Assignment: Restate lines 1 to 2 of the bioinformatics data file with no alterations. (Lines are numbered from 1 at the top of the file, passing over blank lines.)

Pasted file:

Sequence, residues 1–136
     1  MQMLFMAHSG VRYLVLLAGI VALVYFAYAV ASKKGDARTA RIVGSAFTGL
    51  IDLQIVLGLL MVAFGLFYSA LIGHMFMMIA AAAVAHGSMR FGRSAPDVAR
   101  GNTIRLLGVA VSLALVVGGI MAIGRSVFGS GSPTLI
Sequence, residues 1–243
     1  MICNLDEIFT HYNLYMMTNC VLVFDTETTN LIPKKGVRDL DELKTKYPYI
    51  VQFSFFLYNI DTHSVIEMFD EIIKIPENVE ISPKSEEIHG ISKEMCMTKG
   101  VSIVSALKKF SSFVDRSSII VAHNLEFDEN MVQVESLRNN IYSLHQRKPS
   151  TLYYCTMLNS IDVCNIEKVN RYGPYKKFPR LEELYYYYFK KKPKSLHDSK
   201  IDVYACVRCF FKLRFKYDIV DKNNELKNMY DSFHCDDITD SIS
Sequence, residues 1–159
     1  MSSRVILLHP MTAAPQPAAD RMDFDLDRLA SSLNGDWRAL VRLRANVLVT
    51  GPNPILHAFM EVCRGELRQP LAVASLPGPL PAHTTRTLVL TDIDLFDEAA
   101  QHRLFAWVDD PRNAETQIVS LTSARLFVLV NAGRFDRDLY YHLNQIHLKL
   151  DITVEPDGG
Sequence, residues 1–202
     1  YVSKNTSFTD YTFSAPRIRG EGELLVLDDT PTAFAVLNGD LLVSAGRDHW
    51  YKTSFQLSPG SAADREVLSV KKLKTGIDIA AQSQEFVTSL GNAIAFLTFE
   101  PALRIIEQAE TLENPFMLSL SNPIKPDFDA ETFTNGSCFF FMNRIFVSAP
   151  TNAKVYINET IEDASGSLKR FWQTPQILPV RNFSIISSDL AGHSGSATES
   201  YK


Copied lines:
Sequence, residues 1–136
     1  MQMLFMAHSG VRYLVLLAGI VALVYFAYAV ASKKGDARTA RIVGSAFTGL